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Commonwealth War Graves Commission launches new online resources to commemorate 100 year anniversary of WW1

Millions of people across the Commonwealth, including thousands of families in New Zealand, could discover more about their relatives who fought and died during WW1, as the Commonwealth War Graves Commission (CWGC) today launches two exciting new online resources, designed to help the public gain a greater understanding of those who lost their lives in service during the war.

The unveiling of the CWGC’s  recently completed online archives and the brand new Discover 14-18 microsite will make locating and visiting memorial sites of relatives and loved ones killed in the war, easier than ever before. The online resources will also greatly enhance the service that the CWGC is able to provide to the 1.6 million people from across the world who contact them every year.

The Commonwealth War Graves Commission, founded in 1917, is responsible for marking and caring for the graves and memorials of over 1.7 million Commonwealth war dead from the two world wars, over 18,000 of which were WW1 casualties from New Zealand. However, in the lead up to the Centenary of WW1 this August, they have also undertaken a five year project to scan over 300,000 working documents relating to those who died in service during WW1 and upload them to the www.CWGC.org website, all of which will be available for the public to view for the first time from 8 July.

These documents will give a unique insight into the process of commemoration undertaken by the Army and the CWGC after WW1, and include details of personal headstone inscriptions, date of death, rank, regiment and even some documents which show the journey of the deceased to their final resting place.

Andrew Fetherston, the CWGC’s Archivist and Records Manager, said:

“For the first time, the Commonwealth War Graves Commission is providing public access to the hundreds of thousands of documents in its archive. The documents are a window into the Commission’s past, and the incredible work carried out after the war, to ensure those who died will not be forgotten.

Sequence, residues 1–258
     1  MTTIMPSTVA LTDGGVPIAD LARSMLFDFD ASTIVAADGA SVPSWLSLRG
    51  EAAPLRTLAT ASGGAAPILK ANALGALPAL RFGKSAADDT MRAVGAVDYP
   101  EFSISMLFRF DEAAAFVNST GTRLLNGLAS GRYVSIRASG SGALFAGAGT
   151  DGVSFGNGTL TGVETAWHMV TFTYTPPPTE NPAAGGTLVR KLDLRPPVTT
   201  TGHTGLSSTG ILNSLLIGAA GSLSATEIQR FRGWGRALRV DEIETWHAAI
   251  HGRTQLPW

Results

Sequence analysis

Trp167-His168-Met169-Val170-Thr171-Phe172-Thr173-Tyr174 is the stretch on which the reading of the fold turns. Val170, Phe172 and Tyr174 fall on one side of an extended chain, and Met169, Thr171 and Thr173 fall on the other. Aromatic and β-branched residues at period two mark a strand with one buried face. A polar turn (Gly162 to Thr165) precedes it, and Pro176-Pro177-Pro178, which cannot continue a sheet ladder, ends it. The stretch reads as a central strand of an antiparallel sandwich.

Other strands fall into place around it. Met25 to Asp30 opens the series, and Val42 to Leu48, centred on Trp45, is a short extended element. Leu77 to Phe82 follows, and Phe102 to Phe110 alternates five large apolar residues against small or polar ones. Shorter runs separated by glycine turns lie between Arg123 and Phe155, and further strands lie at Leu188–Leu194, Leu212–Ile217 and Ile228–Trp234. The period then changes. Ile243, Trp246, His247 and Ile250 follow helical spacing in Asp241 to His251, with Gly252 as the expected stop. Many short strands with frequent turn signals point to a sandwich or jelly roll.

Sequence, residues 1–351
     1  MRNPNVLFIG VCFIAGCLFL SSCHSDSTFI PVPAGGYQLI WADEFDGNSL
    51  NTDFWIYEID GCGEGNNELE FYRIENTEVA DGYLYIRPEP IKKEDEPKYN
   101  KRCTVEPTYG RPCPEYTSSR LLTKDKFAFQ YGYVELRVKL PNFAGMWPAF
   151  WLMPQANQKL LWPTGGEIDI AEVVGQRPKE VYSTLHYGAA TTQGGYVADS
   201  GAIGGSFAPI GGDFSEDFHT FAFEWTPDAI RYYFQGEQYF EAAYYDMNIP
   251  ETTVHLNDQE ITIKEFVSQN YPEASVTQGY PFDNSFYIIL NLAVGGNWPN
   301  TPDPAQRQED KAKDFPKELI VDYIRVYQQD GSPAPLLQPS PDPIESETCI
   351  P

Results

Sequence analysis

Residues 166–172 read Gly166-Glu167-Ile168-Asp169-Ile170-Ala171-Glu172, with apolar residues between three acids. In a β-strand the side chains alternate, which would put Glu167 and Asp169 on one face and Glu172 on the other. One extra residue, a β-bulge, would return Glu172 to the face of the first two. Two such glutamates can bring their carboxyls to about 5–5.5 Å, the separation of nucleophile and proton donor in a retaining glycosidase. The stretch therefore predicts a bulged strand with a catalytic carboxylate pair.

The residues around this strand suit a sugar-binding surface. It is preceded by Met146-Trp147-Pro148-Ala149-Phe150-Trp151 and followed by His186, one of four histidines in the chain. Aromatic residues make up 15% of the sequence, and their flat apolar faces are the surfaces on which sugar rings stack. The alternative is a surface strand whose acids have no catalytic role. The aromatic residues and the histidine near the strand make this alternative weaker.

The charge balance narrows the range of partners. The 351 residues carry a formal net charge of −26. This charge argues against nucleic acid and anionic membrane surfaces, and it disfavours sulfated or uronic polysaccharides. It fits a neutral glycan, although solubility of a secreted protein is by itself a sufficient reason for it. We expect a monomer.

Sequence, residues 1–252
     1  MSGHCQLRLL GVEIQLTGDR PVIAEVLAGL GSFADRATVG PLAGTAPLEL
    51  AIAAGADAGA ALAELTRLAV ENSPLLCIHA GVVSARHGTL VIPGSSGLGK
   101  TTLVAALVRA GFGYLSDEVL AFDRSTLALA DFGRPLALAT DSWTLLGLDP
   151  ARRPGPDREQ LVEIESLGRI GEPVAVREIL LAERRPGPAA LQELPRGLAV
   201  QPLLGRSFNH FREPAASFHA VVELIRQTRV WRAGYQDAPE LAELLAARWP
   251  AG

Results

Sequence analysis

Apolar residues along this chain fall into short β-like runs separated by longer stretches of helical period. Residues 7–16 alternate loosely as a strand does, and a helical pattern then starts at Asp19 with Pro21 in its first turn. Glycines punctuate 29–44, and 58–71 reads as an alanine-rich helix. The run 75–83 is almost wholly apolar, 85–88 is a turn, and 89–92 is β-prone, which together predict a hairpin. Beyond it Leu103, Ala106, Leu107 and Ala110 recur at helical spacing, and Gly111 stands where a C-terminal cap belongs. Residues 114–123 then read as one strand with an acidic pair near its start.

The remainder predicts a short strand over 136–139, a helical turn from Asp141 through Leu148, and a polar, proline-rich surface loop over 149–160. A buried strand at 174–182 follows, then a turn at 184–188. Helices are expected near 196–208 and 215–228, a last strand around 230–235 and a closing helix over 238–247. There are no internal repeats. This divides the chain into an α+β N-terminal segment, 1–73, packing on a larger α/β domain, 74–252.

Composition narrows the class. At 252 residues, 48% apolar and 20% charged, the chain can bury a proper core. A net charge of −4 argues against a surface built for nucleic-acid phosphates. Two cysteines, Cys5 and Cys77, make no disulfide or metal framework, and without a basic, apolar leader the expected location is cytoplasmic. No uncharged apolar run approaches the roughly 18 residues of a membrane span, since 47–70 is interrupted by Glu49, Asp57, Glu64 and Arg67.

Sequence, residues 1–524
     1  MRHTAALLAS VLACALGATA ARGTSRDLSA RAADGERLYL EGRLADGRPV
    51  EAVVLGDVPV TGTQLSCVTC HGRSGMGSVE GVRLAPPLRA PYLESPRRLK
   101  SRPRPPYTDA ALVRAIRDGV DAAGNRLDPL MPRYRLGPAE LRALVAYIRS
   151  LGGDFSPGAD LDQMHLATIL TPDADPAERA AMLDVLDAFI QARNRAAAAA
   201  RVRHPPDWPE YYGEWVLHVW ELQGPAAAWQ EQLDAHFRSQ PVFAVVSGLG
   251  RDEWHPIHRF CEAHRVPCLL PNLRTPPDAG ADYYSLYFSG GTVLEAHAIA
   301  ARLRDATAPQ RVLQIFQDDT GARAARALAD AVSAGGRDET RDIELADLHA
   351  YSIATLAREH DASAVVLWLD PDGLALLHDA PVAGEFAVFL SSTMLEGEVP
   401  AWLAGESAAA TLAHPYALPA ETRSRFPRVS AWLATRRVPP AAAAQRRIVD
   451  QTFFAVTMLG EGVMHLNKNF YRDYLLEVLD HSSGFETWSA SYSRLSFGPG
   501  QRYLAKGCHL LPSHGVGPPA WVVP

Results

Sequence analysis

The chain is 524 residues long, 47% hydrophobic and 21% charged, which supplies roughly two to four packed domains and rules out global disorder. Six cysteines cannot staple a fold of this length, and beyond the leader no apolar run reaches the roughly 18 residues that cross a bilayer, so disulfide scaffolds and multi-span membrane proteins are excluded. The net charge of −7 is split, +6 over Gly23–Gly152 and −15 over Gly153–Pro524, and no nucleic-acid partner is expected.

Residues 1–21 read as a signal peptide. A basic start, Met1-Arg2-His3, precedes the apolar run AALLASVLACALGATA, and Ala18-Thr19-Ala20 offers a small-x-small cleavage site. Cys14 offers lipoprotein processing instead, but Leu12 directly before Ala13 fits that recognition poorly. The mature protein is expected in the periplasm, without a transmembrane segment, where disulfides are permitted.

“As working documents, it is fascinating to see the typed and handwritten lists, the corrections and notes as they strived for accuracy. For the families of those we commemorate, these records give a snapshot into the processes by which their relatives would have been identified and buried, or commemorated on a memorial, and give a direct link back to a time in the immediate aftermath of the war.

“We believe the documents make the experience of searching through our records even more fascinating than before.”

In addition to this, the brand new Discover 14-18 microsite www.cwgc.org/discover1418 launching on the same day, is designed to enable the public to visit some of the 23,000 CWGC memorial sites more easily during this Centenary year, and enhance their understanding of the historical context of the cemeteries and memorials. The site will feature a timeline and events calendar for WW1, and content will be themed around major battles and the different roles of the Army, Navy and Air Force, all linking back to the CWGC memorial sites and the new online archives.

To raise awareness of these new online resources, the CWGC is hosting a live Q&A session with one of their archive experts across their Twitter and Facebook platforms on 9 July at midday.  This will give the public the opportunity to receive tips on the best way to search for relatives or loved ones using the sites, and how to get the most out of the archived documents. To take part people simply need to tweet their question to @CWGC using the hashtag #Discover1418 or post it on the timeline at www.facebook.com/commonwealthwargravescommission.

The launch of the new digital resources will be the start of a series of activity by the CWGC to commemorate the Centenary of the start of WW1. You can keep up to date with the latest news and events at http://www.cwgc.org/news-events.aspx.

Notes

1. The Commonwealth War Graves Commission (www.cwgc.org)

The CWGC maintains the graves of the 1.7 million Commonwealth servicemen and women who died during the two world wars. It also holds and updates an extensive and accessible records archive.

The CWGC operates in over 23,000 locations in 153 countries across all continents except for Antarctica.

The CWGC provides teachers and youth workers with a comprehensive range of educational resources and support materials so that future generations remain engaged in the work of the CWGC and continue to remember those who died in the two world wars.

2. *Combined number of unique visitors to the CWGC website and phone/email enquiries from the public during 2013

3. Case studies illustrating the work of the CWGC are available on request

4. 18,053 servicemen from New Zealand, who died during WW1, are commemorated at CWGC memorial sites across the world.


Updated on 23rd July 2015